Catherine Henriette de Bourbon

Catherine Henriette de Bourbon (11 November 1596 – 20 June 1663) was an illegitimate daughter of King Henry IV of France and his long-term maîtresse en titre Gabrielle d'Estrées. She was declared legitimate on 17 November 1596 at the Abbey of St. Ouen in Rouen and married into the Princely House of Guise.

Catherine Henriette de Bourbon
Légitimée de France
Duchess of Elbeuf
Frosne after Vary - Catherine Henriette de Bourbon, Légitimée de France.jpg
Catherine in 1659 as a widow, by P Vary
Born(1596-11-11)11 November 1596
Rouen, France
Died20 June 1663(1663-06-20) (aged 67)
Hôtel d'Elboeuf, Paris, France
SpouseCharles II, Duke of Elbeuf
Charles III, Duke of Elbeuf
François Louis, Count of Harcourt
François Marie, Prince of Lillebonne
Catherine Henriette de Bourbon, Légitimée de France
FatherHenry IV of France
MotherGabrielle d'Estrées

Early yearsEdit

Born on 11 November 1596 in Rouen, France,[1] Catherine was baptised on 17 November 1596. At her birth, Queen Elizabeth I of England sent a special ambassador who also proposed a new treaty between the two nations.

In her youth, Catherine was known as Mademoiselle de Vendôme, derived from the Duchy of Vendôme which had been in possession of the House of Bourbon since 1393. When she was just three, her 26‑year‑old mother died of an attack of eclampsia after giving birth to a stillborn child. As a result of her mother's death, Catherine Henriette inherited her wealth in her own right. Her mother's duchy, Beaufort, was given to her older brother, César.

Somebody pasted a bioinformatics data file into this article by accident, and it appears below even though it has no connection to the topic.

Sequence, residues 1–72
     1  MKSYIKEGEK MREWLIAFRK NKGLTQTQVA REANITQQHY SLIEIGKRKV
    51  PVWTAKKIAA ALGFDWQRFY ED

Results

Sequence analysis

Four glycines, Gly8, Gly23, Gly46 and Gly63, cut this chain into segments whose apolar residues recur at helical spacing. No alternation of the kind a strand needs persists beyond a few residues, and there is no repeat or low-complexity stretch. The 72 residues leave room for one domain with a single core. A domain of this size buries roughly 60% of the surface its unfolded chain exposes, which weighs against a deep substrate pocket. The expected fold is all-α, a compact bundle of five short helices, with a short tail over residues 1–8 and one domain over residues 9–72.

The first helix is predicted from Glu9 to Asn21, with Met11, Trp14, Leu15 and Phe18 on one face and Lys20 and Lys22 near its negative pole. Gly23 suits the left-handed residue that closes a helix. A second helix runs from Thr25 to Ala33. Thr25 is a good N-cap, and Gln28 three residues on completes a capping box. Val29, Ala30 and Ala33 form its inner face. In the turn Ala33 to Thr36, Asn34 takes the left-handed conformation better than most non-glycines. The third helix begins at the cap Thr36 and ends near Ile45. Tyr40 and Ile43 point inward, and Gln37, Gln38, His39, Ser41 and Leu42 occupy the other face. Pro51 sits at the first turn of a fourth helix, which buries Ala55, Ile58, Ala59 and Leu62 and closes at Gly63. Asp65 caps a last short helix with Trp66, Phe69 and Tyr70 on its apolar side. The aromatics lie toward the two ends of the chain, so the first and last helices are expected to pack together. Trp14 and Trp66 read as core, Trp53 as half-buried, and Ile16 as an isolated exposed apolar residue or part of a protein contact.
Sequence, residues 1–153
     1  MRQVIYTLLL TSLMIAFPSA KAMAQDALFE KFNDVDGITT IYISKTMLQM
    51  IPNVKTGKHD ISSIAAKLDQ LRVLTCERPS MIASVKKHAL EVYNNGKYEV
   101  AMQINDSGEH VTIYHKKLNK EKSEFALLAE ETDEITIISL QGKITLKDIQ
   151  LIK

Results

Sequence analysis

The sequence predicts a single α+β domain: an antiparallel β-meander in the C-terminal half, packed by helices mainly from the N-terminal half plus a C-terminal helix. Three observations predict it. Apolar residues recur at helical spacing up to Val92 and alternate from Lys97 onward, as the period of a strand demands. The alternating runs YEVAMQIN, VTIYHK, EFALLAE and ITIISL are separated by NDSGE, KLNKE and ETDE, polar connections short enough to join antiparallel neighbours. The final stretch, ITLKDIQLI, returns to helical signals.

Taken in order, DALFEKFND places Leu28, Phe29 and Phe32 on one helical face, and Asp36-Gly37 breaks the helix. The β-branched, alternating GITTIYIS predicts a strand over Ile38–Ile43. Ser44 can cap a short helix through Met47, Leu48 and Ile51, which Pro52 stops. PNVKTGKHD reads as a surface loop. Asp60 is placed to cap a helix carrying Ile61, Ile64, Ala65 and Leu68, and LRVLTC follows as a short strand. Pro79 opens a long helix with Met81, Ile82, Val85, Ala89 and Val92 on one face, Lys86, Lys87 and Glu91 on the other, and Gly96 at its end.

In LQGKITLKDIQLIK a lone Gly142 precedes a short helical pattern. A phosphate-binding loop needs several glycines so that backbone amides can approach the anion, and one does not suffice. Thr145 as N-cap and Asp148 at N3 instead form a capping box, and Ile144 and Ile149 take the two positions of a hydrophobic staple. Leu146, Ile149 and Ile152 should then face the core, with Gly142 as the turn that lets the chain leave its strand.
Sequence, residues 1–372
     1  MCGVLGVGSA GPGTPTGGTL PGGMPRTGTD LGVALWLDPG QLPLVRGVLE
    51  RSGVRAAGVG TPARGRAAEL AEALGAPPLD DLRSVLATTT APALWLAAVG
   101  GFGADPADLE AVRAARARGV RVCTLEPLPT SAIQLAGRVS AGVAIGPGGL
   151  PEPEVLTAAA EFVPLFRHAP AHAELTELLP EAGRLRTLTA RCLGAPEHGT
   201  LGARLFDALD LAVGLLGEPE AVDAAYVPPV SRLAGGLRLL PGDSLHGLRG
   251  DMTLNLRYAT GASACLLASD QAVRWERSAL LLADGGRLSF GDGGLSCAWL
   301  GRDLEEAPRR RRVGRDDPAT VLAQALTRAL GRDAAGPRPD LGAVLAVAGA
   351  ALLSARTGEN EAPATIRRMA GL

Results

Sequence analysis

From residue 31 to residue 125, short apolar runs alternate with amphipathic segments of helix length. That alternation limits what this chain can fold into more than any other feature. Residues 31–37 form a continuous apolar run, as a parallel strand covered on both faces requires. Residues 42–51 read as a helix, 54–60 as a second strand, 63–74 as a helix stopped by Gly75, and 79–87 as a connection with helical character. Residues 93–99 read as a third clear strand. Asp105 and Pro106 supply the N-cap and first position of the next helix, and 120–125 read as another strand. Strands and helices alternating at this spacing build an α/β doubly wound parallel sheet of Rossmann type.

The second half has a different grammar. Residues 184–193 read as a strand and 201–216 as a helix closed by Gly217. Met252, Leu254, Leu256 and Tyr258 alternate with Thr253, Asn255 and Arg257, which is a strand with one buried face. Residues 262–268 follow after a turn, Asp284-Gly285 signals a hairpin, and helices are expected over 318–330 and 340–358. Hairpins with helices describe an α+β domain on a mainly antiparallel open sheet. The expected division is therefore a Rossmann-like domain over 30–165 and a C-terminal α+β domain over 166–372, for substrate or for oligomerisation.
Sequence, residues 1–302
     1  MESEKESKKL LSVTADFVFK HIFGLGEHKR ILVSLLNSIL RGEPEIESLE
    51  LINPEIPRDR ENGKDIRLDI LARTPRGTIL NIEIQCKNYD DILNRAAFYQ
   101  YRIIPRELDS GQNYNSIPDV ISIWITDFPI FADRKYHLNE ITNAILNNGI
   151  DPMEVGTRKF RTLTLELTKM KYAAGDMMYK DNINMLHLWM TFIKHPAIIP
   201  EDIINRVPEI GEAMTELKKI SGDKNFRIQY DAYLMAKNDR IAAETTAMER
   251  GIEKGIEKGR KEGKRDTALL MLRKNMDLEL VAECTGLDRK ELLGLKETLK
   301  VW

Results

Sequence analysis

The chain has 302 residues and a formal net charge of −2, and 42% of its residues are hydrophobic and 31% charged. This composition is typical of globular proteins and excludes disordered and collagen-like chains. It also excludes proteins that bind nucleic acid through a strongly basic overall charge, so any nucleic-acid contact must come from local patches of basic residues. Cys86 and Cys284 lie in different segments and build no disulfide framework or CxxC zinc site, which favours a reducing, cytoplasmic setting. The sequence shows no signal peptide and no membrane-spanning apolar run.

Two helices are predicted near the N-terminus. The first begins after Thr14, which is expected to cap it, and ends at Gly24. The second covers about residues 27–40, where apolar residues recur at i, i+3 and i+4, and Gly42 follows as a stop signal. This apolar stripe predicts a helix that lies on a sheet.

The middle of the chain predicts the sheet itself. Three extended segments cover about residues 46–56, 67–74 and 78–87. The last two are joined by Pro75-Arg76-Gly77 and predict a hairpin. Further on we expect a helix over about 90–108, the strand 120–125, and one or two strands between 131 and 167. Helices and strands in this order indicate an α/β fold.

Charles II de Lorraine duc d'Elbeuf

It was discussed that Catherine should marry Henry, Prince of Condé, but the idea was dropped. She married Duke of Elbeuf, born Charles de Lorraine at the Palais du Louvre in Paris on 20 June 1619.[2]

The dowry was 1.3 million livres and included pensions as well. Most of this money was spent and re-mortgaged for various reasons including a failed lawsuit against her brother César.[3]

As Catherine Henriette was marrying into the House of Guise, she took on the style of Highness, the Guises being foreign princes at court. After her marriage, she was known as the Légitimée-duchesse. She used to sign documents as C H. L de France – Catherine Henriette. Légitimée de France.

Catherine's husband died in Paris at the Hôtel d'Elboeuf, the family town house. She remained a widow until her own death in 1663.


References and notesEdit

  1. ^ Pitts 2009, p. 217.
  2. ^ Gerber 2012, p. 81.
  3. ^ Spangler 2009, p. 154.


  • Gerber, Matthew (2012). Bastards: Politics, Family, and Law in Early Modern France. Oxford University Press.
  • Pitts, Vincent J. (2009). Henri IV of France: His Reign and Age. The Johns Hopkins University Press.
  • Spangler, Jonathan (2009). The Society of Princes; the Lorraine-Guise and the conservation of power and wealth in the Seventeenth Century. Ashgate.